Simon Anholt /
independent policy advisor,
founder of the good country party


What´s wrong with the world?

Simon Anholt: We live in an age of globalization where everything is connected and everything is mixed. At this point in time it looks to me as if globalization has done more for the problems than it has for the solutions. We are facing a gigantic global challenge – whether it is human rights or human trafficking or drug trafficking or slavery or pandemics – all of them have been facilitated by globalization because we are now connected everywhere.

We have reached the stage where individual nations can no longer solve those challenges individually as we are dealing with 21st century globalised problems, but nations still behave the way they did in the 17th century after the treaty of Westfalia. They are competing against each other. As long as countries compete against each other, our problems will continue to get worse. The way to fix the world’s problems is to tell politicians, that there is a new way to run a country. To run it in collaboration and cooperation and much less in competition. Competing less will not weaken the economies, in fact the opposite will happen. The new networks will benefit from collaboration. That´s how we unfuck the world.

That means a worldwide cultural change?

Simon Anholt: Yes. This is why I introduced the idea of “the good country”. Good is not a moral judgment. Good is the opposite of selfish. A good country is a country that doesn’t just worry about its own citizens and about its own problems. It acts on something I call the dual mandate. According to the single mandate the politicians are only responsible for their own people and their slice of the planet – this is the way it has always been, but that has to change.

The dual mandate means that anybody in a position of power has two sets of responsibility: the responsibility for the own people and the responsibility for every single human being on the face of the earth.

So you founded the ‘Good Country Party` – What is it about?

Simon Anholt: The good country party is this: it’s a non political, non party. It can’t be a political party because it’s not based in any country. It’s based in the spaces between countries because it doesn’t represent any individual nation. According to research 10% of the world´s population feel more part of the world than of their own country and that humanity is more important than nations. That’s 700 million people! 700 million people around the world who are global citizens. Who really, really want to to produce some change and don’t want to be alone any longer.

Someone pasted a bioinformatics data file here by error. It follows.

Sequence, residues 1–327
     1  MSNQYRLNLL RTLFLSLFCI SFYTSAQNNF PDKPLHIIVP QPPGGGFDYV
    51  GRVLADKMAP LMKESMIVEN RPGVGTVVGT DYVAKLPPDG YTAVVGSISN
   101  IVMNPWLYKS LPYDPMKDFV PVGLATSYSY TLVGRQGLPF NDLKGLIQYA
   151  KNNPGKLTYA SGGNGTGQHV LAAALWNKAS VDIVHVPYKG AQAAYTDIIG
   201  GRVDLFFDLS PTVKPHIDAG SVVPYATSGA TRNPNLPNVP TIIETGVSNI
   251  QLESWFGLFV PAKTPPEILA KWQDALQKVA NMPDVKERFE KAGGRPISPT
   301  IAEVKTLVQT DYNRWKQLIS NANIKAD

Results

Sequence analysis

What´s next?

Simon Anholt: We are collecting about 5.000 members every week, so the word is beginning to spread. I did not want to write a manifesto from day one and ask everybody to come along and follow my ideas, because that´s what politicians do. I want to decide together concretely what we are going to do. The basic principle is very simple: the reason for the good country party is to establish the dual mandate. And we just need to think of ways of doing that by using the existing ways of democracy to pursue this. It´s not difficult – we can do that.

What is your vision?

Simon Anholt: My vision is of a world where nationalism becomes as tabu as racism and sexism. Ten years ago it was perfectly possible in a government meeting to hear people being demeaning about foreigners and to hear them being demeaning about women. Now there are many countries where you go to prison, if you say something like that. I would like to see the same thing happening with nationalism. It´s a cultural change that needs to happen. Unless that happens, we will not be able to tackle the global problems we are facing.

About Simon Anholt:

Simon Anholt is founder of the Good Country and publisher of the Good
Country Index. He continues to work as an independent policy advisor with
the Heads of State, Heads of Government and administrations of nations,
cities and regions worldwide to develop and implement strategies for their
enhanced economic, political and cultural engagement with other countries.